I had been floundering in art school for a couple of years when I stumbled into a beginning woodworking class. One of my first projects was a simple pencil box with a sliding lid. At wits' end for a way to secure the lid (short of tying it closed), I approached my instructor, John Snidecore, who showed me a simple, spring-loaded wood button catch.
Twenty years later, I'm still working wood and still using the button catch on a variety of projects. But I have since modified the design to work as a door catch. The concept is simple: A stepped button slides up into a stepped hole from below. A spring supports the button, and a wooden plug covers the bottom of the hole.
Hang the door and locate the button about 1 in. from the edge of the door, midpoint in its thickness. Transfer this location to the bottom of the case. From the bottom, drill a 3/8-in.-dia. hole, stopping Vs in. shy of the opposite side. With a ^-in. bit, continue the hole through the case bottom and use a piece of scrap to prevent tearout. Then wedge the door in the closed position and drill just into its bottom edge to create the cup for the button.
Shape the button on the drill press. Use a block with a pre-drilled hole in it to gauge the right size of the button.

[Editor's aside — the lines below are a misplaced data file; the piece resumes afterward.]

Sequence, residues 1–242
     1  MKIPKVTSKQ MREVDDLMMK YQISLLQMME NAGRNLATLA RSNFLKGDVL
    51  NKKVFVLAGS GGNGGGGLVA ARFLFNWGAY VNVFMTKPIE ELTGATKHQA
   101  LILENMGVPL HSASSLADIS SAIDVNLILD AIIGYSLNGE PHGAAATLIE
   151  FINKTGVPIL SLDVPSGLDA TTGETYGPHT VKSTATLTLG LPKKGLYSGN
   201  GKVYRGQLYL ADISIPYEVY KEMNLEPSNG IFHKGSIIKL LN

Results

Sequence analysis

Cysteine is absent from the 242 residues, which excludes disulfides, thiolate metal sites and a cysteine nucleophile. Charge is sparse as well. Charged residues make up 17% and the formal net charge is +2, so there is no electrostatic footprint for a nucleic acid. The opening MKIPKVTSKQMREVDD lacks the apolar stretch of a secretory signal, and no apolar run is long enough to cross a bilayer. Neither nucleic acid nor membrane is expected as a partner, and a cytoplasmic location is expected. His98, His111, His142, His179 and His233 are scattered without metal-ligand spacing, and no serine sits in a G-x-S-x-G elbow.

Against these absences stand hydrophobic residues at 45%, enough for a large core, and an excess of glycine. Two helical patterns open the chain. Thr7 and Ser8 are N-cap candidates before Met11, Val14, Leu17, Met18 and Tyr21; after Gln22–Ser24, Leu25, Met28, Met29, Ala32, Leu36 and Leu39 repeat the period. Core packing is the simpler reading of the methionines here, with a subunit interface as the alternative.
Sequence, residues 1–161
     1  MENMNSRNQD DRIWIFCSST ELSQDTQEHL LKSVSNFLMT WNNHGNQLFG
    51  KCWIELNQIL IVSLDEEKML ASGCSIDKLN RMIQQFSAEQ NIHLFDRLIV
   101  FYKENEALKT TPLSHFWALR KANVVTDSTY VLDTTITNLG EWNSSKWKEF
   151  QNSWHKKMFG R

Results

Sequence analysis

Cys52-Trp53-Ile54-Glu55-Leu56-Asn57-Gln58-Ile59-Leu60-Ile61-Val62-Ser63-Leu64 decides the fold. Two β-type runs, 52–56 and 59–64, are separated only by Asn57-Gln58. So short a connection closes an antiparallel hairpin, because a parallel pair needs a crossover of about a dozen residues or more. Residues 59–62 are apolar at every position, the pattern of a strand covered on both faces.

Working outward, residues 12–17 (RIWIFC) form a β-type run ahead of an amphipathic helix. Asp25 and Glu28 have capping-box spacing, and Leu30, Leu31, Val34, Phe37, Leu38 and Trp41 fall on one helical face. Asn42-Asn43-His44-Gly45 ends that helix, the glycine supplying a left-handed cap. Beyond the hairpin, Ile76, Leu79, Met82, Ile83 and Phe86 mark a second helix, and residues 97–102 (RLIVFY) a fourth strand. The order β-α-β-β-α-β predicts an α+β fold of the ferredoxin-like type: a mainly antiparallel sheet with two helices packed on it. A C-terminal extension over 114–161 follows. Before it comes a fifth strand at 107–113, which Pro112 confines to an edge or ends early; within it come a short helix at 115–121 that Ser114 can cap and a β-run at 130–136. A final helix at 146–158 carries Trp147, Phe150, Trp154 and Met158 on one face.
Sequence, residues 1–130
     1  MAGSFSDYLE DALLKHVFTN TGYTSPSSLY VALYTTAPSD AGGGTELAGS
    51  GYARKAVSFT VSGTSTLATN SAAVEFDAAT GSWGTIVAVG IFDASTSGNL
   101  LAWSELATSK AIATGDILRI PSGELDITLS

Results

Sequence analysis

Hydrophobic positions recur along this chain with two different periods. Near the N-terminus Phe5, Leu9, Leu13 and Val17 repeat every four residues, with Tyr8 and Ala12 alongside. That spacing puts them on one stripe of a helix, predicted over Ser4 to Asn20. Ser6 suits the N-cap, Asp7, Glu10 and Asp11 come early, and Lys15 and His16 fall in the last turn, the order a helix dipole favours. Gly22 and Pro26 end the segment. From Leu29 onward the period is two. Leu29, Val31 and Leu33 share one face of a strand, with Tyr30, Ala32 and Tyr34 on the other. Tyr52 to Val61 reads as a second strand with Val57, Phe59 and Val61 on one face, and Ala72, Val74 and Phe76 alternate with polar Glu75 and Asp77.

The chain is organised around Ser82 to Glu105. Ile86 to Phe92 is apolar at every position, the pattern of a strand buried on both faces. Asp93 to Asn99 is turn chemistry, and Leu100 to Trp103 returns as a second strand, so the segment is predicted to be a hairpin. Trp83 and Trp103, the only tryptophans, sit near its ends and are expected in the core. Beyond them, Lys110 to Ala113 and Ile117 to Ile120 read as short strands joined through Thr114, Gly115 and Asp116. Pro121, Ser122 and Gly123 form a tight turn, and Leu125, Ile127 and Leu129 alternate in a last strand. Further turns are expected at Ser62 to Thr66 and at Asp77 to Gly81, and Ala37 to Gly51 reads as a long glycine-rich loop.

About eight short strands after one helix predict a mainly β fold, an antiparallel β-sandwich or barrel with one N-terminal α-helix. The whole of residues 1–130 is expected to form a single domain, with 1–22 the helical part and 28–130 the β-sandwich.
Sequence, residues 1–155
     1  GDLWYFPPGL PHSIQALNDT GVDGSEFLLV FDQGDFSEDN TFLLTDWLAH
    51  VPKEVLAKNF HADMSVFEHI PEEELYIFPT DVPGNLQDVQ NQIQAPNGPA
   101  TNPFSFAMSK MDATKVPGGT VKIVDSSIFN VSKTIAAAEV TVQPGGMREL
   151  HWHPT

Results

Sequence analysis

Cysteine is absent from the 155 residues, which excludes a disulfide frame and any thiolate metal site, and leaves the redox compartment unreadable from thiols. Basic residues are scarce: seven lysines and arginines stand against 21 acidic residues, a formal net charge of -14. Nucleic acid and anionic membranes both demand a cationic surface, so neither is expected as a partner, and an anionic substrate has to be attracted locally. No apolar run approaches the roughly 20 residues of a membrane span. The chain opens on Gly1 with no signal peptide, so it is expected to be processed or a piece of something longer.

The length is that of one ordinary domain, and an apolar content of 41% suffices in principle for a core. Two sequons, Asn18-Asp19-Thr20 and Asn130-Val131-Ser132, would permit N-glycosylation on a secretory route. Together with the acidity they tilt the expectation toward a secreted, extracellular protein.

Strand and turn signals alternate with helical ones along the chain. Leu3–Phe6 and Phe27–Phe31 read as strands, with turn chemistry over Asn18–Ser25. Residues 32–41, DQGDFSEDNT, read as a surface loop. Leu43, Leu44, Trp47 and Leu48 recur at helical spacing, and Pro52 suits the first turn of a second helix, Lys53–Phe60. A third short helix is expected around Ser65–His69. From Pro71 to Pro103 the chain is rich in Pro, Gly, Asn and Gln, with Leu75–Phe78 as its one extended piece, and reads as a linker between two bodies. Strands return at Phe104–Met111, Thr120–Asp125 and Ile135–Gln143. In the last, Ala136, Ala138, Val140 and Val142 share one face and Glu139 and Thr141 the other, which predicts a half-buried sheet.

Drill the stepped hole. Mark the bit with tape to indicate the correct depth.
Drill the button hole. Use some scrap stock to prevent tearout.
to create the desired profile. After a test fit, cut the button to length. Before doing so, I like to round and polish the top of the button while it's easy to grab. From this point, it's just a matter of inserting a spring in the hole and capping it.
For small projects such as my pencil box, I glue a plug into the hole and finish it smooth. For most case pieces, where long-term maintenance is an issue, I prefer a plate screwed to the case bottom, which allows for easier button replacement, if necessaiy.
Notch the back edge of the door. The notch is shallow and angled so that it will depress the button as the door closes.
One final task is to use a gouge or carving knife to cut a shallow notch on the inside edge of the door bottom where it strikes the button. This notch and the rounded button top combine for smoother door closing. □
Cup for button
Cup for button
BUILDING DOORS ]-
Traditional hinge will look and work great for decades
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